1. Release Notes for 3.6.4


GemStone/S 64 Bitâ„¢ 3.6.4 is a new version of the GemStone/S 64 Bit object server. Version 3.6.4 adds SuperDoit scripting, FFI support for structs by value, and other feature enhancements and bug fixes. We recommend everyone using or planning to use GemStone/S 64 Bit upgrade to this new version.

These Release Notes include changes between the previous version of GemStone/S 64 Bit, v3.6.3, and v3.6.4. If you are upgrading from a version prior to 3.6.3, review the release notes for each intermediate release to see the full set of changes.

The Installation Guide has not been updated for this release. For installation, upgrade and conversion instructions, use the Installation Guide for version 3.6.2.

Supported Platforms

Platforms for Version 3.6.4

GemStone/S 64 Bit version 3.6.4 is supported on the following platforms:

  • Red Hat Enterprise Linux Server, CentOS Linux, and Rocky Linux 7.9 and 8.5; and
    Ubuntu 18.04 and 20.04
    GemStone performs testing on a mixture of Red Hat, CentOS, and Rocky servers; these are all fully certified platforms. Any reference to Red Hat applies to all these distributions.
  • Solaris 10 on x86
  • AIX 7.1 and 7.2
  • OSX 11.1 (Big Sur) with Darwin 20.2.0 kernel on x86, and OSX 10.15.6 (Catalina) with Darwin 19.6.0 kernel; and OSX 11.6 (Big Sur) with Darwin 20.6.0 kernel on Apple M1. v3.6.4 is known to work on MacOS Monterey.
    (Mac is supported for development only)

For more information and detailed requirements for each supported platforms, please refer to the GemStone/S 64 Bit Installation Guide for that platform.

GemBuilder for Smalltalk (GBS) Versions

The following versions of GBS can be used with GemStone/S 64 Bit version 3.6.4:

GBS/VW version 8.6


32-bit and 64-bit

  • Windows 10
  • RedHat ES 7.9 and 8.5; Ubuntu 18.04 and 20.04
GBS/VA version 5.4.6

VAST Platform

VAST Platform

VA Smalltalk

VA Smalltalk

  • Windows Server 2016 and Windows 10
  • Windows Server 2016 and Windows 10
  • Windows Server 2016 and Windows 10
  • Windows Server 2016 and Windows 10

For more details on GBS and client Smalltalk platforms and requirements, see the GemBuilder for Smalltalk Installation Guide for that version of GBS.

VSD Version

The GemStone/S 64 Bit v3.6.4 distribution includes VSD version 5.5.3. The previous version of GemStone/S 64 Bit, v3.6.3, included VSD v5.5.2. VSD 5.5.3 includes improved searching, bug fixes, and updates to topaz online help.

Note that in GemStone/S 64 Bit v3.6 and later, statmonitor writes additional information to the statmonitor file. As a result, statmonitor files from v3.6 and later cannot be read by versions of VSD earlier than v5.5. VSD 5.5.3 can read statmonitor files generated in older versions of GemStone/S 64, 32-bit GemStone, and GBS, as well as those generated by GemStone/S 64 Bit v3.6 and later.

VSD v5.5.3 is included with the GemStone distribution, and can also be downloaded as a separate product. For details or to download, go to https://gemtalksystems.com/vsd/.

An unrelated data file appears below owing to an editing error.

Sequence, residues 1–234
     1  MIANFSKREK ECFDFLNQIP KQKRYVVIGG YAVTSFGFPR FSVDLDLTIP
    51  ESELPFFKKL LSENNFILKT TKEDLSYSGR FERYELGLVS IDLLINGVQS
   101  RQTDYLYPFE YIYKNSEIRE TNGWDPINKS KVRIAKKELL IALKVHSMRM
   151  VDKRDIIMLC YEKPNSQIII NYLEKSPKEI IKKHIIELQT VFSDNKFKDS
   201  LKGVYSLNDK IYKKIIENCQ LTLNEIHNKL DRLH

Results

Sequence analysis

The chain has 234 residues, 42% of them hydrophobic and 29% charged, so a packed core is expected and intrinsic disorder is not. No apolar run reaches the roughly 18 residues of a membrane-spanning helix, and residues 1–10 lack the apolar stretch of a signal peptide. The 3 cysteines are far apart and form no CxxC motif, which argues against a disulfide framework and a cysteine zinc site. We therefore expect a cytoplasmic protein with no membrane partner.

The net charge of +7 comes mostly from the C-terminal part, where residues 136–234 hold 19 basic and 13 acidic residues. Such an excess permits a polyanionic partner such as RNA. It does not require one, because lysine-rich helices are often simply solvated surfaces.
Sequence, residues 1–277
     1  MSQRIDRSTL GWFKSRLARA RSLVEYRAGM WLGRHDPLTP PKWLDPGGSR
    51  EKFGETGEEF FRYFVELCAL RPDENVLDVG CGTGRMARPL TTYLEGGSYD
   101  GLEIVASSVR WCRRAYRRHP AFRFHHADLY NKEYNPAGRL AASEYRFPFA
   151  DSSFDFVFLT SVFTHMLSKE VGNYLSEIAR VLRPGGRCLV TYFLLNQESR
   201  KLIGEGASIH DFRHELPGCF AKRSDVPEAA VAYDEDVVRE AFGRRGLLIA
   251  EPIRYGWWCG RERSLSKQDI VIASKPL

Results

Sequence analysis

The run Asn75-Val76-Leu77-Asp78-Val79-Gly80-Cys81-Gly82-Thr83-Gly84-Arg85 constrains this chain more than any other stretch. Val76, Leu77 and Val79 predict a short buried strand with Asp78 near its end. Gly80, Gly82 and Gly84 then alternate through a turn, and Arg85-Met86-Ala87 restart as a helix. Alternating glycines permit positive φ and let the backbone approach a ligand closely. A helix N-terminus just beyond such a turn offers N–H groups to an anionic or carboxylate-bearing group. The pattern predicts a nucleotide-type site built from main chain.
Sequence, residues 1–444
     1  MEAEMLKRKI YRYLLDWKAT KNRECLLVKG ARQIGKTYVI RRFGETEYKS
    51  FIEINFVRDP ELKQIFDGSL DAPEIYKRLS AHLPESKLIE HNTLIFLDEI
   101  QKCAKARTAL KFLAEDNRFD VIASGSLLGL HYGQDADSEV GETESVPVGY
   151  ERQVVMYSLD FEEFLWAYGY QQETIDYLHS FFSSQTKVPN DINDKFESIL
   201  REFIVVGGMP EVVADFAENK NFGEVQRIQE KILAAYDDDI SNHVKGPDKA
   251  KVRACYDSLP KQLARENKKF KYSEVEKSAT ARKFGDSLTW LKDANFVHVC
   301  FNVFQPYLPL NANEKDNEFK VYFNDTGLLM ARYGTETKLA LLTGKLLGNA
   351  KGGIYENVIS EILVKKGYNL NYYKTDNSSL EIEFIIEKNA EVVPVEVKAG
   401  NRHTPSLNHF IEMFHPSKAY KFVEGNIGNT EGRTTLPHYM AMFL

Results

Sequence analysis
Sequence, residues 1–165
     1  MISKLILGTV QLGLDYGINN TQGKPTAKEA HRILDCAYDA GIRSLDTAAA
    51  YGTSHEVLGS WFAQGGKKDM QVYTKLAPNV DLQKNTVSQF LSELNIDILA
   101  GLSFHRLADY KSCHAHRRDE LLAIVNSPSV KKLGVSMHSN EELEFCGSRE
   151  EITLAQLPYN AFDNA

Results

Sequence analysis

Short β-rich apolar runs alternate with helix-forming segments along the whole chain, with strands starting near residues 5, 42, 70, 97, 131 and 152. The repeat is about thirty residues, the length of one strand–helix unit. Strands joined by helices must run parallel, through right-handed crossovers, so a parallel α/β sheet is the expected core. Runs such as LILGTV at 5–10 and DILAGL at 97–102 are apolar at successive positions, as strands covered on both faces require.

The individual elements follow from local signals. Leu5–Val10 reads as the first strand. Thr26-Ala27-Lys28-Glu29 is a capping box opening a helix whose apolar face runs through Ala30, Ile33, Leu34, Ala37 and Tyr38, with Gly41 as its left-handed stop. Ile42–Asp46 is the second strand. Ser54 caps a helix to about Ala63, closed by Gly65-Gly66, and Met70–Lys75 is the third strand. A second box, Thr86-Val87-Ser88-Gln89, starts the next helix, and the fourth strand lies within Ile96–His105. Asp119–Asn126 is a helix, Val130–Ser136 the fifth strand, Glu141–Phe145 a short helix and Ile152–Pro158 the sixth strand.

Open Source Library Versions

The version of OpenSSL has been updated to 1.1.1n.


1. Changes in this version

Distribution Changes


There is a new top level directory, $GEMSTONE/rowan, containing scripts and upgrade material for users of Rowan code management. Rowan is an open-source code management project that is in a limited preview status, and undergoing active development.

The $GEMSTONE/bin directory now includes extent0.rowan.dbf.


As described under SuperDoit scripting feature, the SuperDoIt feature includes added scripts in $GEMSTONE/bin, and a directory containing examples, $GEMSTONE/examples/superDoit.

SuperDoit is implemented using Rowan; however, SuperDoit scripts are fully supported in base GemStone, and creating and executing SuperDoit scripts requires no Rowan knowledge.

The SuperDoit API includes support for Rowan-specific functions. These are not documented in these Release Notes; see $GEMSTONE/examples/GsCommand for examples.


Starting with v3.6, Rowan code has been included in the distribution, under $GEMSTONE/upgrade/projects. This directory is required to be present for some functions, including superDoit solo scripts.

The location of the projects directory within the distribution may change in a future release.

$GEMSTONE/seaside directory no longer owner-write

The directory $GEMSTONE/seaside had installation permissions that incorrectly allowed owner write; this permission has been removed.

Support for Rowan upgrades

This release includes upgrade support for applications running certain earlier versions of GemStone 3.6.x with Rowan versions 1.2.x and 2.2.x, that are upgrading to v3.6.4.

Banner notice when running with SELinux

SELinux is a RedHat mode that applies additional security restrictions. When running in this mode, the process log banners now will include a notice; for example,

| MEMORY: 64187 MB , getauxval(AT_SECURE) = 2 |

Additional information in stone log messages

Stone log messages now includes additional information, such as the IP addresses of Gem sessions, to help with diagnosing problems.

Print GCI trace records on protocol error

To aid in analysis of GCI protocol errors, recent GCI call history is now automatically printed to the gem log when a GCI protocol error occurs. GCI call trace records are maintained in a wraparound buffer, and the most recent 100 records will be printed to the log.

Rolling over Gem log files